In this episode of EnvIowa, we talk with Jeff Biggers, writer in residence at the University of Iowa and Natalie Himmel, an English and International Studies Major at the University of Iowa about the Climate Narrative Project.
The Climate Narrative Project, launched in 2014, is a special media arts initiative through the UI Office of Sustainability designed to train a new generation of climate storytellers. The project reaches across many academic disciplines using theatre, film, creative writing, spoken word poetry, yoga, and dance to grapple with how stories can change the way we view climate and spur action.
Over the past three years, Climate Narrative fellows have produced a wide variety of art projects including short films, theatrical monologs, and creative writing pieces. The projects center around localized themes related to climate change. Past themes have included the role of water and the Iowa River, soil carbon sequestration and prairie restoration, local food and regenerative agriculture, and climate migration.
This semester the project will focus on exploring ways in which we can live in regenerative cities in an age of climate change.
Since its inception, the Climate Narrative Project has brought in a wide range of undergraduates and grad students from many Colleges and departments including the College of Liberal Arts and Sciences, College of Education, College of Engineering, College of Public Health, Tippie College of Business and Graduate College.
The Climate Narrative Project serves as a partner for the Yale Climate Connections nationally syndicated public radio program. In 2014, Yale featured the Climate Narrative Project: Climate As Local Narrative.
Join the Climate Narrative Project Fellows tonight for an evening of film, theatre, art and storytelling focused on issues of climate justice and climate change.
Wednesdsay, December 7 7:30 p.m. – 9 p.m. Becker Communication Studies Building Rm 101
The Climate Narrative Project is a special media arts initiative through the Office of Sustainability designed to reach across multilpe academic disciplines and provide regenerative approaches to energy, food, agriculture, water and waste management, community planning, and transportation.
Jeff Biggers is the Writer-in-Residence at the University of Iowa’s Office of Sustainability, where he oversees the Climate Narrative Project.
This semester, eight fellows worked with Biggers on semester-long investigative projects. This year’s eight fellows include:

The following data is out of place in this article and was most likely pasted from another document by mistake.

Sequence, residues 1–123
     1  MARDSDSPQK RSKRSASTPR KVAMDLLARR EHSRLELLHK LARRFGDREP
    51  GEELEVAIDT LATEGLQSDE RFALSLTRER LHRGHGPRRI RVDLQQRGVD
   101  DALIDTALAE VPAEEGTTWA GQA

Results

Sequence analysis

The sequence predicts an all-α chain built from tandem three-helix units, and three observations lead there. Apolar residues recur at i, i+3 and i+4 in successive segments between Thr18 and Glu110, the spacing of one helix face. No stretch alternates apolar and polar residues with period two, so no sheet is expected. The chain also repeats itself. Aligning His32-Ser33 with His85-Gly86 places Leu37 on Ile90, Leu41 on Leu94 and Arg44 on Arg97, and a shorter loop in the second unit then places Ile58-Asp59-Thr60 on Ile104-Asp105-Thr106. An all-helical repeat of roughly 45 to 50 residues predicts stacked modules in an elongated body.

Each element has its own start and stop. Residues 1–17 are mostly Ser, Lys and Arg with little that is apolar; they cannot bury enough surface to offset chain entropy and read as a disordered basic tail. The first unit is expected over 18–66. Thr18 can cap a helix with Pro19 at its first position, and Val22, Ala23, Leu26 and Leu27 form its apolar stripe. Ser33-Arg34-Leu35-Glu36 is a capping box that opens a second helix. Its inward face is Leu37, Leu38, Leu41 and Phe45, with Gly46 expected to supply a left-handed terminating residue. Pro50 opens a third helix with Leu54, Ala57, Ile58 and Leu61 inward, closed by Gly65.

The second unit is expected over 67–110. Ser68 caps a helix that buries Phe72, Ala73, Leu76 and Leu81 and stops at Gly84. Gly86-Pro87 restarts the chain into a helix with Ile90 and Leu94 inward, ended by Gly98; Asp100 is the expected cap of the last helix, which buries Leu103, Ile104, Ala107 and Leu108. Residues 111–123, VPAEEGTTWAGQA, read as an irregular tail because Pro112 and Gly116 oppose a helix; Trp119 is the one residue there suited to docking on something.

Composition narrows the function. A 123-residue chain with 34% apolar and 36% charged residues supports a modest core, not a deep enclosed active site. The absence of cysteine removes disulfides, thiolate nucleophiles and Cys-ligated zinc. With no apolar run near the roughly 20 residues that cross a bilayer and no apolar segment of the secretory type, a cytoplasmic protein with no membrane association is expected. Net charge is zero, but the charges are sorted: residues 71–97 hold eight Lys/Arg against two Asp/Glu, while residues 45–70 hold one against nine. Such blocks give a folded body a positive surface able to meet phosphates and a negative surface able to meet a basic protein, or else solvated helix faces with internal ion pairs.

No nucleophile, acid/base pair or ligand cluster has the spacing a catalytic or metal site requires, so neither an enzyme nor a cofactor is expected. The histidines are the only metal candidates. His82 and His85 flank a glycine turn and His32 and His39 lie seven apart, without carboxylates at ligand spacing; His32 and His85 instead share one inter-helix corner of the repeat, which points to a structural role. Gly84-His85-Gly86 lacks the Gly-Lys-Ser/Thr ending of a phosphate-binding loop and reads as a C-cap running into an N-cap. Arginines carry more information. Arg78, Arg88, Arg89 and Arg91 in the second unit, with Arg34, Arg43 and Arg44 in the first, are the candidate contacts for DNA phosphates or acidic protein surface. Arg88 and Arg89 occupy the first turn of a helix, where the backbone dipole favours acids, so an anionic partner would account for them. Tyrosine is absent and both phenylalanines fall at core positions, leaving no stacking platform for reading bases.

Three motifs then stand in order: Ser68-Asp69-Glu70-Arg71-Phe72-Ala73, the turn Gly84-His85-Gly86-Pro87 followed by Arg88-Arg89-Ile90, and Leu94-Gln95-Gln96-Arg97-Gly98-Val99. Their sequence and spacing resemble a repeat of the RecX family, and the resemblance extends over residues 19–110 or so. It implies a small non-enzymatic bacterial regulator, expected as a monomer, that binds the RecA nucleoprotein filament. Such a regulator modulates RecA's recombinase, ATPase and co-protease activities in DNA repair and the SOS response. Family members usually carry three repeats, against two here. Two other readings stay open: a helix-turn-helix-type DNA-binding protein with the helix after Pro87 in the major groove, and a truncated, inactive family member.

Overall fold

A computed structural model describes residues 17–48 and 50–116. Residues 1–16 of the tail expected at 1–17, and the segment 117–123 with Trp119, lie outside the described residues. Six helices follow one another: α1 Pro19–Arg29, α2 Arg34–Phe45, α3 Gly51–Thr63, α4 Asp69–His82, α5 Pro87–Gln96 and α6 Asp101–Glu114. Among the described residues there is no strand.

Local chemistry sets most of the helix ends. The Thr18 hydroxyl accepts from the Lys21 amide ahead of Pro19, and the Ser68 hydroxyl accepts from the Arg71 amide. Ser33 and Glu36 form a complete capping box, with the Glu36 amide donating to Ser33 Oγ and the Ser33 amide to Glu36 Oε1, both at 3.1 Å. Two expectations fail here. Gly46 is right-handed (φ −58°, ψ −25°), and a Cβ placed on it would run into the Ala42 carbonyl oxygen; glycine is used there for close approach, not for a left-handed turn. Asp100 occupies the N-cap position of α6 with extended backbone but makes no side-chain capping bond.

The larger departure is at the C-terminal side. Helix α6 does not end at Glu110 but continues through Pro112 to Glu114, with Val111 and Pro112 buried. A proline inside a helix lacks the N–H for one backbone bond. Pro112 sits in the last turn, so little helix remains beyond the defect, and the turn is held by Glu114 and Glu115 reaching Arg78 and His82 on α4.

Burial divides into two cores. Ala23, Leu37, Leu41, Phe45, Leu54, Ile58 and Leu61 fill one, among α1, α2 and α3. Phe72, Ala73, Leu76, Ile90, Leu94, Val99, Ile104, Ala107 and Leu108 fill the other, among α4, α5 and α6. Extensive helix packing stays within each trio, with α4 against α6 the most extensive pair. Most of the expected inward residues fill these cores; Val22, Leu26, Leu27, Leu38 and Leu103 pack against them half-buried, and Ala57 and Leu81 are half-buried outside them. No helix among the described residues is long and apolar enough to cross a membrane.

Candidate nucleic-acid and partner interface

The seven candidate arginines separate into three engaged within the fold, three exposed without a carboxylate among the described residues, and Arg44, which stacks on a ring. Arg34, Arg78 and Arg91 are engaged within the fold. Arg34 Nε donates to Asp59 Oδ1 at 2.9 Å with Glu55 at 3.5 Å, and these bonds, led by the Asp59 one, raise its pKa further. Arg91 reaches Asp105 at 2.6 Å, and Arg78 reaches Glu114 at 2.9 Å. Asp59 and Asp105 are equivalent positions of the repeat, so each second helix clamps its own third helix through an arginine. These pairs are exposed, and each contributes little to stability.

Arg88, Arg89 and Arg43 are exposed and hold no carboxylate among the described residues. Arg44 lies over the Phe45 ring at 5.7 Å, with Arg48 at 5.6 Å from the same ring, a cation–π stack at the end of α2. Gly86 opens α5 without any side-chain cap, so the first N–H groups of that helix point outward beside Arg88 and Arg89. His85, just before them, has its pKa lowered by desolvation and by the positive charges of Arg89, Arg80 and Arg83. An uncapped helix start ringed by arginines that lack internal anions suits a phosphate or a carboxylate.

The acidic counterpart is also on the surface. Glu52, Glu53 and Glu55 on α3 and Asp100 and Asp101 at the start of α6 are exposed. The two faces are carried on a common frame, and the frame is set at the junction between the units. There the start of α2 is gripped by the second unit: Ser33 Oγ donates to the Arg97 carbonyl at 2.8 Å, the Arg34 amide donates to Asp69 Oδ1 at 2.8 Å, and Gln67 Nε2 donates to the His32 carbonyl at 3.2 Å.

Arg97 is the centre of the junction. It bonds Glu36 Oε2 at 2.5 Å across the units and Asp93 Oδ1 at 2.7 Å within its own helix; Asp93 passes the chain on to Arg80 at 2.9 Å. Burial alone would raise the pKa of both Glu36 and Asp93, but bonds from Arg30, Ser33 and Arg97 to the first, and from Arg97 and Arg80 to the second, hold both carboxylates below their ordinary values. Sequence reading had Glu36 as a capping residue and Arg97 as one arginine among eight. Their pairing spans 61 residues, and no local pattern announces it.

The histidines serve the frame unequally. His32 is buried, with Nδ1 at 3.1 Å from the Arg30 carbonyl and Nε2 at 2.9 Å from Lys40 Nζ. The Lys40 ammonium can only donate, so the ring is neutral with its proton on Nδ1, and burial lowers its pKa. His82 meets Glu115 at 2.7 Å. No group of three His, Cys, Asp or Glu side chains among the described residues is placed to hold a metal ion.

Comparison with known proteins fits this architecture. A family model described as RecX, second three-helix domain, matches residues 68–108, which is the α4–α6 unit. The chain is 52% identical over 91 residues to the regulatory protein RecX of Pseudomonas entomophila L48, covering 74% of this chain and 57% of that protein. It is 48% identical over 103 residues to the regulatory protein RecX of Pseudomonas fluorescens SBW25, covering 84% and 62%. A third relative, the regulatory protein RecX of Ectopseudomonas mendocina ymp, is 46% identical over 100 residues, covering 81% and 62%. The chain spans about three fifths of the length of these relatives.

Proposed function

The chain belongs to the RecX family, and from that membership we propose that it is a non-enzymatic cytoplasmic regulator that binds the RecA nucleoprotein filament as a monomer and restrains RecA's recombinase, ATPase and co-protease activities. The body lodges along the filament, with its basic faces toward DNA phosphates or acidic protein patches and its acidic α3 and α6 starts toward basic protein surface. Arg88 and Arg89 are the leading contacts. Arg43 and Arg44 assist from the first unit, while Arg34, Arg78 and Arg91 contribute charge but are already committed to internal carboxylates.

Shelby Cain:The Conscience and the Consumer Carlo Acevedo: El clima y la justicia:Poemas Shirley Wan: Voices of Huo Nazira Coury: The Other Side: Las Voces J. Creek Hoard: Four Walks Solomon Worlds:Edu-nature-nal Kate Gylten: The Art of Oil Jeffery Recker: Not One or a Million
The Climate Narrative Project is an investigative initiative: What accounts for the gap between science and action on climate change, and what can we do more effectively to communicate informed stories and galvanize action?
The intern program matches up Iowa businesses interested in ways to reduce and eliminate waste from their operations that improve environmental performance and save money with engineering students. Since 2001, companies involved have saved more than $81.9 million from projects through the intern program.
Within the program, interns recommend and implement projects that will help Iowa businesses improve the ways in which they use resources. These projects divert waste from landfills, reduce hazardous waste, conserve energy and water, and reduce greenhouse gas emissions. The annual environmental reductions generated in 2016 include:
1.16 billion gallons of water
1,215 tons of solid and special waste
1,215 tons of hazardous waste
1.2 million kilowatt hours
4,220 MTCO2e (metric tons of carbon dioxide equivalent)
“The real value of the intern program has been to obtain a talented engineering student to compile data and provide in-depth technical analysis, with actionable recommendations,” said Todd Fails, Site Services Team Leader at Zoetis Global Supply in Charles City. “The results from our projects have helped us to make informed decisions that improve our efficiency and reduce our operating costs.”
The engineering students from Iowa’s state universities, after a week of training and orientation with program advisors, work at selected businesses to analyze their current systems, research alternative processes and technologies, and recommend cost-effective strategies that will improve the way they produce, consume, reuse, and recycle their resources.